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    Thanks so much, Andy. I will absolutely keep this in mind. I appreciate you taking the time to respond.
     
  6. Rorick Edge

    Rorick Edge Active Member

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    Hi Larry,

    The great thing about being in the Poconos is that there are a lot of people in the greater New York area who have, or are learning, the skills needed to make your film sound great.

    I think that the best way to help your film, and to learn what these people do on a film set and in post production, is to engage one of them and pay lots of attention. If they’re learning themselves, they aren’t going to cost a lot, especially since they normally own their own gear.

    Get on the NY area film/video bulletin boards to find the right person. Or drop by Union Square - many days, the NY Film Academy students are there filming. Or send some messages to YouTubers who live in the area and whose sound you like.

    If you want to learn sound recording and editing, pick up a Zoom H1n (US$119), record lots and edit in your software of choice. There’s a YouTuber named Curtis Judd who has a review of this recorder that is worth watching. Don’t worry about his comments on dialogue frequencies - to the extent that it’s even an issue, what will mostly happen is that you’ll learn how to use your software’s equaliser to manipulate frequencies, which anyone involved in sound needs to learn anyway.

    One of the participants in this forum purchased a Zoom H1n recently and has said that he is very happy with it. A quick search should locate his post.

    Depending on your script, and on how it is shot, it might even be possible to use it for this film.

    Cheers
     
    #6 Rorick Edge, Jul 3, 2018
    Last edited: Jul 3, 2018
  7. Larry V Santana

    Larry V Santana New Member

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    Thanks, Rorick! This is incredibly helpful. I'll definitely check out the H1n and head out to NYC for some much-needed in-person guidance. I also just finished watching the Curtis Judd video. Thanks for clarifying RE: dialogue frequencies.

    Really appreciate the assist. Best of luck to you on your future projects.

    Cheers.
     
  8. Rorick Edge

    Rorick Edge Active Member

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    Hi Larry,

    If you are going to be in New York, it might be a good idea to drop by the Pro Audio department at B&H, preferably in the morning Monday to Thursday when it’s less likely to be mobbed. Some of the sales people are quite knowledgeable.

    I would suggest that you check out Gotham Sound’s web site if you want to rent sound gear and/or intend to be involved in sound recording long term. It’s worth signing up for their e-mail list, and they also have a YouTube channel.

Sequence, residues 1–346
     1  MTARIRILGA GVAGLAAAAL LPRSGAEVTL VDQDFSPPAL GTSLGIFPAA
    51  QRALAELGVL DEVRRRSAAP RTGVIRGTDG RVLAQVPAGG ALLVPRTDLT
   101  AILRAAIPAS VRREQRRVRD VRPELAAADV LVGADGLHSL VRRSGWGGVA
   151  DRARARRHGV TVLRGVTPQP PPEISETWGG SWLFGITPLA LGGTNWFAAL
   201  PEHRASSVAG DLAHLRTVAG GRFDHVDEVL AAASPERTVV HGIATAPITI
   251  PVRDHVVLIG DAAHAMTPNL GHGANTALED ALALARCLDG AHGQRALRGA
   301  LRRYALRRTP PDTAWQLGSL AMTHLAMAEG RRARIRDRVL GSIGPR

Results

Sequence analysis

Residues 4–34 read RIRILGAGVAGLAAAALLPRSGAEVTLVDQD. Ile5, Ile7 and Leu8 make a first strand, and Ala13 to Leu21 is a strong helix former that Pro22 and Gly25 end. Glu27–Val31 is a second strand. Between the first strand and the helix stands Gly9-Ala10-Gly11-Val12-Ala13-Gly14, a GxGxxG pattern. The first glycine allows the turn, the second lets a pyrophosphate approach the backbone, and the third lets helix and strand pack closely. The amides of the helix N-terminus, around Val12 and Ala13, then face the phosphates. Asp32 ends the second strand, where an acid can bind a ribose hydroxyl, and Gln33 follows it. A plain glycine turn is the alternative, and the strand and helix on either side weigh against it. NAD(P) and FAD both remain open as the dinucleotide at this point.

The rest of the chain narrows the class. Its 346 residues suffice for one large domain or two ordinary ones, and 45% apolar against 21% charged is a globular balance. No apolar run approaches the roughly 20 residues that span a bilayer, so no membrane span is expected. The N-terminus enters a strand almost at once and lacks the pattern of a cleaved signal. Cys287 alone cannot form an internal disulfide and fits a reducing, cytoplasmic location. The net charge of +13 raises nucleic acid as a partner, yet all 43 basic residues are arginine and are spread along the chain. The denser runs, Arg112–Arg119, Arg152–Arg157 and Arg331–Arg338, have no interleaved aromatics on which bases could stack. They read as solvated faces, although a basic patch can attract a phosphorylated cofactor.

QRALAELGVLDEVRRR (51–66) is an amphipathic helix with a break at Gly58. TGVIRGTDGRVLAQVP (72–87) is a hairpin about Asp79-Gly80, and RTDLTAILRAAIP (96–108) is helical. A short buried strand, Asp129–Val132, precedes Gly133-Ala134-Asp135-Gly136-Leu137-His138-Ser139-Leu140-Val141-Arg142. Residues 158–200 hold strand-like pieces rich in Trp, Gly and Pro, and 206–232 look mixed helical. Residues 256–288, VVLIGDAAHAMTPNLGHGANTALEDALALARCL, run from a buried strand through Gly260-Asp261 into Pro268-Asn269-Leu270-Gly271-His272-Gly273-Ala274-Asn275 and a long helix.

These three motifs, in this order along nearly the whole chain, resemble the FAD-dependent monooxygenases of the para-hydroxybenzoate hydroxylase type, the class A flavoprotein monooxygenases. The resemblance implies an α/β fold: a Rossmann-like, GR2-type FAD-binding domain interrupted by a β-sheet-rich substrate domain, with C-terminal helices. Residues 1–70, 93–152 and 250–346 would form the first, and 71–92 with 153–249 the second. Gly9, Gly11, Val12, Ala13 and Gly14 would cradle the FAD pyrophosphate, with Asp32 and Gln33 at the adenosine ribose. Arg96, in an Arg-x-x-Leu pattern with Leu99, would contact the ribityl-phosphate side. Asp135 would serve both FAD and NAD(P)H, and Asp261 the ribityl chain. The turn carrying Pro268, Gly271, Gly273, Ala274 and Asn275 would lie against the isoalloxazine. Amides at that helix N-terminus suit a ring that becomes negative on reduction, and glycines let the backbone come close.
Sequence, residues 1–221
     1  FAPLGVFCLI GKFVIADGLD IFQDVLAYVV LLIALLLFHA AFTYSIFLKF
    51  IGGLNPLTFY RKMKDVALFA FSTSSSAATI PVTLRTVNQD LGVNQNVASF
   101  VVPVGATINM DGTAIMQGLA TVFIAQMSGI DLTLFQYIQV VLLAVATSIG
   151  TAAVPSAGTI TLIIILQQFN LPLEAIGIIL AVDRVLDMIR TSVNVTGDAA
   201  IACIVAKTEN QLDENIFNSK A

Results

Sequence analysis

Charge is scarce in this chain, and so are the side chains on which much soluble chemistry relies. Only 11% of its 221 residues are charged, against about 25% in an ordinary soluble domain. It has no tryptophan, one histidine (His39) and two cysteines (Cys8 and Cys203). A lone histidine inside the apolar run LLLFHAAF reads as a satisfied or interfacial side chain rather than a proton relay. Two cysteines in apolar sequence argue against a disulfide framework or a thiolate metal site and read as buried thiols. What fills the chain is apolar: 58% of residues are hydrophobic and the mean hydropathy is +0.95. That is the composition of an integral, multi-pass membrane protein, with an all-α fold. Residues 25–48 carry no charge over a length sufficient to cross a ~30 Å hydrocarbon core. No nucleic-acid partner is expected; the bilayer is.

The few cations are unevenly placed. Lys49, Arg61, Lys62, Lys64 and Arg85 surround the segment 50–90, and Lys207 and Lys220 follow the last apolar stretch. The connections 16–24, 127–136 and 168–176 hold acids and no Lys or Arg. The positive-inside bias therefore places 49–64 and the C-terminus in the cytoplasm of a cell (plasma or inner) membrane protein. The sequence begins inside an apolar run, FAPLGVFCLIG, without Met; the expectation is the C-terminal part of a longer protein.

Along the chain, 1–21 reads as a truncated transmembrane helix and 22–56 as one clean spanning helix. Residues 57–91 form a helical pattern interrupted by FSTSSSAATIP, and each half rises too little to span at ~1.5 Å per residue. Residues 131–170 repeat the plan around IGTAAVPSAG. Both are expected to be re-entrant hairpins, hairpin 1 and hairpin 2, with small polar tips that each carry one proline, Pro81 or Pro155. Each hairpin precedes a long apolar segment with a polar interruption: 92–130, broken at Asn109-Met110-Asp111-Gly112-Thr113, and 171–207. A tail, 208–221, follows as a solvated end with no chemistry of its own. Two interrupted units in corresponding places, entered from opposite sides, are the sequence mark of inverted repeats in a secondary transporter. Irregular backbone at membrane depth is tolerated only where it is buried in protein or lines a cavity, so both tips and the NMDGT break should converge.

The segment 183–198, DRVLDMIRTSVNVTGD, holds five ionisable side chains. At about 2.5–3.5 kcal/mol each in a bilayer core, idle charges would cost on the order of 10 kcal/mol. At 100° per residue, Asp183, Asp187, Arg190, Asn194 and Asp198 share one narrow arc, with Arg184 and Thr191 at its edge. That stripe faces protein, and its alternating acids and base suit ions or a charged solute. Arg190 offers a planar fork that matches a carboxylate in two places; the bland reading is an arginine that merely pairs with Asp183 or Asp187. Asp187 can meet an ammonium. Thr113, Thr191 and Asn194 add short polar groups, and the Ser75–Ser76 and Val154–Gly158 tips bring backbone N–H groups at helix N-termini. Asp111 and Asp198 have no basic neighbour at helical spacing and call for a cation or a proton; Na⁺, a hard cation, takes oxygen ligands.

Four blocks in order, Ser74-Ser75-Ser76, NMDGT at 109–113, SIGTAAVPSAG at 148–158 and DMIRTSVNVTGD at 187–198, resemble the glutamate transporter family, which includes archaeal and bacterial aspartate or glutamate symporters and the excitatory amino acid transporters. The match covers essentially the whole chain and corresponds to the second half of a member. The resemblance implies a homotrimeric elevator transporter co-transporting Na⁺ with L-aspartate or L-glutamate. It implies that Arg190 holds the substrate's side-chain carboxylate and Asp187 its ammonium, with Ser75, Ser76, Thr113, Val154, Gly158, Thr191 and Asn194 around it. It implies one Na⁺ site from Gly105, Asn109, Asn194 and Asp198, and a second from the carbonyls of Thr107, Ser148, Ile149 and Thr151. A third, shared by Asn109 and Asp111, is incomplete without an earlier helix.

Both B&H and Gotham Sound are reliable sources for used gear.

    I’ve sent you a personal message with my phone number in case you’d like to discuss this further.

    Cheers
     
    #8 Rorick Edge, Jul 4, 2018
    Last edited: Jul 4, 2018
  9. Christian Polloni

    Christian Polloni New Member

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    Hi,
    Someone mention an alternative for audio recording in an another topics:
    sennheiser memory mic.:)
     
  10. Andy Johnson-Laird

    Andy Johnson-Laird Administrator
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    The memory mic looks like a great idea, but it seems a tad large for talent to wear. Wonder if there's an external jack for a lav mic or is that too much to hope for? From what I've seen there doesn't appear to be any external jack...

    Andy

    Forensic Software & sUAV / Drone Analyst : Photographer : Videographer : Pilot (Portland, Oregon, USA): Trees=2, Ground=1, Props=11. :(
    The Ground Is The Limit™
    ---------- Forensic Drone Analyst : Forensic sUAV Analyst : Forensic Unmanned Aircraft Analyst : Forensic Drone Expert
     
  11. Rorick Edge

    Rorick Edge Active Member

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    This recent interview with Danny Michael illustrates that one can use basic sound equipment to make first rate films and videos. With clips from Mississippi Burning (for which he won a BAFTA and was nominated for an Academy Award), Glengarry Glen Ross and the Eminem film 8 Mile, he talks about how the sound was recorded and how things have changed over the years.

    By basic sound equipment, I mean a one or two track recorder and one or two mikes. Obviously, basic doesn't necessarily equate with cheap. For much of his career, including for parts of 8 Mile, Michael used one and two track Nagra recorders, and he uses Schoeps supercardiod (aka hypercardiod) mikes. These consist of Schoeps CMC6 preamps + MK41 capsules, commonly called a CMC641. The reference at 42:10 to a “Lectro handheld” refers to the Lectrosonics HH. His reference at 43:02 to "the blue" is to Schoeps's blue-coloured CMIT 5U shotgun mike.